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Teachings

Below are the teachings from our weekly Torah Studies.  If you would like to join us, please email us at This email address is being protected from spambots. You need JavaScript enabled to view it. so we can let you know where and when we meet.

Vayechi (And He Lived) B’resheet/Genesis 47:28-50:26

Torah PortionVayechi (And He Lived) B’resheet/Genesis 47:28-50:26

Haftorah Reading: I Kings 2:1-12

Tonight, we read the last portion of Genesis. This portion covers the end of Jacob’s life as well as that of his son Joseph. It is interesting that the name of this portion is, “And He Lived,” but then goes into great detail of Jacob’s last days. If you remember we saw this same thing in the portion about the death of Sarah. What point do you think is being made here in our portion and also in the one about Sarah?  I believe the important point being made is how have we lived our life; how did we spend our days? I pray for each of us this urgency of living over-rides the death that comes to us all.

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Vayigash(And He came) B’resheet/Genesis 44:18-47:27

Torah PortionVayigash(And He came) B’resheet/Genesis 44:18-47:27

Haftorah Reading: Ezekiel 37:15-28

 

Tonight’s Torah section begins with one of the most dramatic scenes in Torah. It begins with Judah coming to Joseph and basically whispering in his ear. He relates how he is ready to take his brother Benjamin’s place and become a slave. He goes on to explain how taking Benjamin would be a death blow to their father Ya’akov.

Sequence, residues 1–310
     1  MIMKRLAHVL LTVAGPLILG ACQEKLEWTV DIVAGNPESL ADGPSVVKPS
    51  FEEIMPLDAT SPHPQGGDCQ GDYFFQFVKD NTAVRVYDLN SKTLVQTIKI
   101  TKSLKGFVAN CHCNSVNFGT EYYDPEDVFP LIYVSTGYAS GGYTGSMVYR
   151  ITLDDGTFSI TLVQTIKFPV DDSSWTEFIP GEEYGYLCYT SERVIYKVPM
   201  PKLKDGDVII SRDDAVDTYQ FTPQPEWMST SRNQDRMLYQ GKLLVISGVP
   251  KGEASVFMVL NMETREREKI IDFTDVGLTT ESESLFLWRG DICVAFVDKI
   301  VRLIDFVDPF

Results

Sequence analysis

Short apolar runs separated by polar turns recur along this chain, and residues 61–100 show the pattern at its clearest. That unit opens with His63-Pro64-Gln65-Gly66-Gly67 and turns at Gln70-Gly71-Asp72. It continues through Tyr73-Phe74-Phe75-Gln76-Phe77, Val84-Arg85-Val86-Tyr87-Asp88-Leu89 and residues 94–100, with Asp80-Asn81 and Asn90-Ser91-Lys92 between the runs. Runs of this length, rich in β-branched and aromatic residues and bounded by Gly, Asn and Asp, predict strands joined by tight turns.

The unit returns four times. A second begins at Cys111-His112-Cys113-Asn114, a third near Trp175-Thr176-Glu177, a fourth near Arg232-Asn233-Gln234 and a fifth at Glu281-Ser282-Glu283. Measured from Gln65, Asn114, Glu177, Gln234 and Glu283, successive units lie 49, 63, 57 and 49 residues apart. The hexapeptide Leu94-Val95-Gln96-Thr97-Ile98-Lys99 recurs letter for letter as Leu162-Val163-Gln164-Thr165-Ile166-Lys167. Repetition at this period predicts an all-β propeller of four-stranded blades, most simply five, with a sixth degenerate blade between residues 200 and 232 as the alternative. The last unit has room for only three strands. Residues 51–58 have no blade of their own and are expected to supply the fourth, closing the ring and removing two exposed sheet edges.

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Mikketz (And Then It Came to Pass) B’resheet/Genesis 41:1-44:17

Torah PortionMikketz (And Then It Came to Pass) B’resheet/Genesis 41:1-44:17

Haftorah Reading: I Kings 3:15-4:1

 

Tonight, we celebrate the 7th night of Chanukah as well as study our Torah portion called Mikketz. I think as we go through this we will see some connections between the two subjects. After our study we will do Havdalah to mark the end of the Sabbath and then light the 7th candle of the holiday.

 

First let’s look at Chanukah and see what spiritual insight we gain from this holiday. To begin, let’s look at a little history about this holiday. The setting is Israel about 2200 years ago. Israel at the time was under the rule of the Greek Empire. Alexander the Great had conquered the known world years before. As a result, Greek culture was introduced across the known world. Part of the Greek culture was to introduce their own religious faith and life, both centered on the worship of the physical body and philosophy. The Greek system of religion was basically based on the worship of mankind and this was the focus of their culture. They promoted intellect and the beauty of the human body as ideals to be held up for admiration and even worship.

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